- The Washington Times - Wednesday, August 17, 2016

Donald Trump wants to win.

This shouldn’t be news, but it is. The mainstream media is pushing an absurd narrative that Mr. Trump may surrender before the November election, that he’s so defeated by his sinking polls and negative coverage it wouldn’t be unreasonable to see him bow out of the race before the votes are cast in November.

CNBC and MSNBC contributor Ron Insana predicted as much.

“Given his personality type, I think he is exhibiting signs of intense frustration that comes from the diminishing amounts of undeserved adulation he received during his primary run,” Mr. Insana wrote. “That may very well lead him to simply take his ball and go home. That decision could be further accelerated by a GOP that is now having a rather serious case of buyer’s remorse.”

Politico floated the idea last month, asking the question: “Would Donald Trump really drop out for $150 million?” And MSNBC’s “Morning Joe” on Tuesday had a discussion on the possibility of Mr. Trump dropping out of the race before things got too humiliating for him.



Mr. Trump’s interview with CNBC earlier this month didn’t help his cause, with him saying if he lost, he’d take a “nice, long vacation.”

But Wednesday, Mr. Trump showed renewed focus.

“I want to win,” he told the Wall Street Journal. “That’s why I’m bringing on fantastic people who know how to win and love to win.”

He announced an overhaul to his campaign team, hiring Stephen Bannon, the executive chairman of Breitbart News, as his campaign executive chief and Kellyanne Conway, a veteran Republican pollster, as his campaign manager.

Mr. Trump broadened his message, pledging to fight for the American people — a winning cause.

“This is my pledge to the American people: as your President I will be your greatest champion. I will fight to ensure that every American is treated equally, protected equally, and honored equally,” Mr. Trump wrote on his Facebook page Tuesday night. “We will reject bigotry and hatred and oppression in all its forms, and seek a new future built on our common culture and values as one American people.”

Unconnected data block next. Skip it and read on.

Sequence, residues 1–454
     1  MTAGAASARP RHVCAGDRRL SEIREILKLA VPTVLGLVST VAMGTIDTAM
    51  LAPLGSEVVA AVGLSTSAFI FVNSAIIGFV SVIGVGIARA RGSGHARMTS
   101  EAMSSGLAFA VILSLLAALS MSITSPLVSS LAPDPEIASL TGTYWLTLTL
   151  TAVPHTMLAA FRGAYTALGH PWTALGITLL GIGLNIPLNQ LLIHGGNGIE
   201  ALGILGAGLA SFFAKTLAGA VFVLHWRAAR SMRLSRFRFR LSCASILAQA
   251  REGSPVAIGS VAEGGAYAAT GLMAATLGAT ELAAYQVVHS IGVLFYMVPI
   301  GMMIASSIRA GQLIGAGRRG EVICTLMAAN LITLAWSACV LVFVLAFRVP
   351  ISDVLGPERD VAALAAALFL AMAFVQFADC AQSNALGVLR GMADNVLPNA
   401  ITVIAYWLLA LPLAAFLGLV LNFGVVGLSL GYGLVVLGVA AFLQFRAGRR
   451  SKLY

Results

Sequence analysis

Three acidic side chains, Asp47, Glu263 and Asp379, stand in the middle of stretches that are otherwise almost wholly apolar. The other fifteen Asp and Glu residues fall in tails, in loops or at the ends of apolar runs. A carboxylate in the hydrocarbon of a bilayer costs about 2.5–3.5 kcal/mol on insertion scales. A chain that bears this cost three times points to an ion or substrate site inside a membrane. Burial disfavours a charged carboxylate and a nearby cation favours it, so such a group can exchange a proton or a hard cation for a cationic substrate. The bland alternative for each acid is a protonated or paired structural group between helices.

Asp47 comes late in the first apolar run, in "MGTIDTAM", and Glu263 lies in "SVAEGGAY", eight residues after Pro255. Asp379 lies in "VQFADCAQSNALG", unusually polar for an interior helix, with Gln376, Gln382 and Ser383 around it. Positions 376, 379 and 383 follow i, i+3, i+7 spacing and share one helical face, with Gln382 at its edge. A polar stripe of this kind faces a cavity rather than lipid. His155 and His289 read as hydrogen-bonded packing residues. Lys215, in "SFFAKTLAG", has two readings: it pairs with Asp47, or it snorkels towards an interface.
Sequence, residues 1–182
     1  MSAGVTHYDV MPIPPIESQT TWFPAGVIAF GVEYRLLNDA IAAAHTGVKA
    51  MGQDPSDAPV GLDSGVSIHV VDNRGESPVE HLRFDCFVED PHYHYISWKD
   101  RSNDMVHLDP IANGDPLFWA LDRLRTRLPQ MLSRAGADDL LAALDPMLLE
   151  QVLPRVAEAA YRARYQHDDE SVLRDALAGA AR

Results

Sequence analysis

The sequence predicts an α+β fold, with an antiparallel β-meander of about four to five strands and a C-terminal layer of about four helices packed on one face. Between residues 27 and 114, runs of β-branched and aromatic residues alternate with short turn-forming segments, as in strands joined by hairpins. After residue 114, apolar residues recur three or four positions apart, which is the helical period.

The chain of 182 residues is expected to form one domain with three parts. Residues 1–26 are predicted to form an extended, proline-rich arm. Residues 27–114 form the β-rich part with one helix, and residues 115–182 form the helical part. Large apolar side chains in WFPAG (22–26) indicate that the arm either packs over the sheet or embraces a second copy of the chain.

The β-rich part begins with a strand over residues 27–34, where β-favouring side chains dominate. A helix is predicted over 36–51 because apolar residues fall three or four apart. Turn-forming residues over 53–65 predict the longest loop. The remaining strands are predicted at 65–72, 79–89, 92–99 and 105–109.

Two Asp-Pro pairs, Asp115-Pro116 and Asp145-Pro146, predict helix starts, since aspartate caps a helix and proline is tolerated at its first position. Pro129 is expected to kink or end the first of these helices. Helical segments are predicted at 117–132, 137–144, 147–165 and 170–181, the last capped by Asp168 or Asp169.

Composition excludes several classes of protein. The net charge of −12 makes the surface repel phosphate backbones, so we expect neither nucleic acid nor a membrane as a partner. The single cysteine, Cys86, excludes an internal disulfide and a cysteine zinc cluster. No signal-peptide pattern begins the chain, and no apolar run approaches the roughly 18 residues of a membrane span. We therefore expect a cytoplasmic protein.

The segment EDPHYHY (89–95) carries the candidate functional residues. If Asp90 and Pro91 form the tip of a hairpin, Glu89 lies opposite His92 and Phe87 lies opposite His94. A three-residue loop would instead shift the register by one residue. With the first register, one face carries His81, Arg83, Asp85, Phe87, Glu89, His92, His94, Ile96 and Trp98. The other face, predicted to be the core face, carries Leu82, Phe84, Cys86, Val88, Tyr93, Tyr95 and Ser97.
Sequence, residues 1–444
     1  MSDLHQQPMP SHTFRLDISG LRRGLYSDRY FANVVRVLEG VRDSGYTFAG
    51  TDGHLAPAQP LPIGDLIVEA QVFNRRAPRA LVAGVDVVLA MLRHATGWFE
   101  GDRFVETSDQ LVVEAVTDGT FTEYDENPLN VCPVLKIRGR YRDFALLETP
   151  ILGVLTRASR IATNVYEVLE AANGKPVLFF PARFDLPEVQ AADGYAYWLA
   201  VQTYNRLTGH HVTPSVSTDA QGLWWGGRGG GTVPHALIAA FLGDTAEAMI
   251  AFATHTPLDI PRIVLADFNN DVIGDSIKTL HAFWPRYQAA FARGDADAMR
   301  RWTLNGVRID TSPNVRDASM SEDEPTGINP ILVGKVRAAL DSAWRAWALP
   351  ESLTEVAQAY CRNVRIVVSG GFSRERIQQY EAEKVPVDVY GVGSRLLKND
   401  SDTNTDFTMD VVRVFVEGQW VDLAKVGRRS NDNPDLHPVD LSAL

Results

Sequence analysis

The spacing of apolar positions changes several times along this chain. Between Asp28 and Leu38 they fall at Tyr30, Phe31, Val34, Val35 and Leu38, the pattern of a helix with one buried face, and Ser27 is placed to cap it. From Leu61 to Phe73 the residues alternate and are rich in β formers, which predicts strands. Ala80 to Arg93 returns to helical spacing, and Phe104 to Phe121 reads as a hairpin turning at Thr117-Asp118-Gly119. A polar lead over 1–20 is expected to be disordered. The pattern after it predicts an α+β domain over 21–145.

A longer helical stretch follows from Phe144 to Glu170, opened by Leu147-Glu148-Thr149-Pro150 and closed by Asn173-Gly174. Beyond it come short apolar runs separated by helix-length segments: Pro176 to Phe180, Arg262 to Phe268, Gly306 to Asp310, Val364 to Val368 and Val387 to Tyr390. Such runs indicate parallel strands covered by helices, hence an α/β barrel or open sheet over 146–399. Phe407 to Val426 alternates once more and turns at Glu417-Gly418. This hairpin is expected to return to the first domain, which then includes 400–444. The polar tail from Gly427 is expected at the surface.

It was a reprise of his speech given Monday, but an important point to drive home. And in order to win in politics, you need to stay on message and ingrain it in the populous mind — especially if you have the mainstream media against you.

Tuesday night, he again delivered a teleprompter speech, appealing to black voters.

“Our job is not to make life more comfortable for the rioter or the robber or the looter or the violent disrupter, of which there are many,” Mr. Trump said in Wisconsin. “Our job is to make life more comfortable for the African-American parent who wants their kids to be able to safely, safely walk the streets and walk to school.”

He continued, taking on Mrs. Clinton and her policies.

“We reject the bigotry of Hillary Clinton which panders and talks down to communities of color and sees them only as votes, that’s all they care about,” Mr. Trump said. “Not as individual human beings worthy of a better future.”

It was a provocative, powerful speech. It was what he needs to continue to do. As I’ve said before, it’s Mr. Trump’s message that wins, not his off-the-cuff riffing.

Mr. Trump’s campaign has gone through a rough patch since the Republican National Convention in July, with the New York Times reporting the campaign’s polling showed too many voters describing him in two words: “unqualified” and “racist.”

He needs to turn it around. It appears like he’s doing so — despite his detractors.

Cory Lewandowski, Mr. Trump’s former campaign manager, said Wednesday on CNN that the campaign shake-up is a “clear indication” Mr. Trump wants to win.

Mr. Trump has surprised this entire election season, and there’s no reason to think he can’t do it again, no matter what the polls say today.

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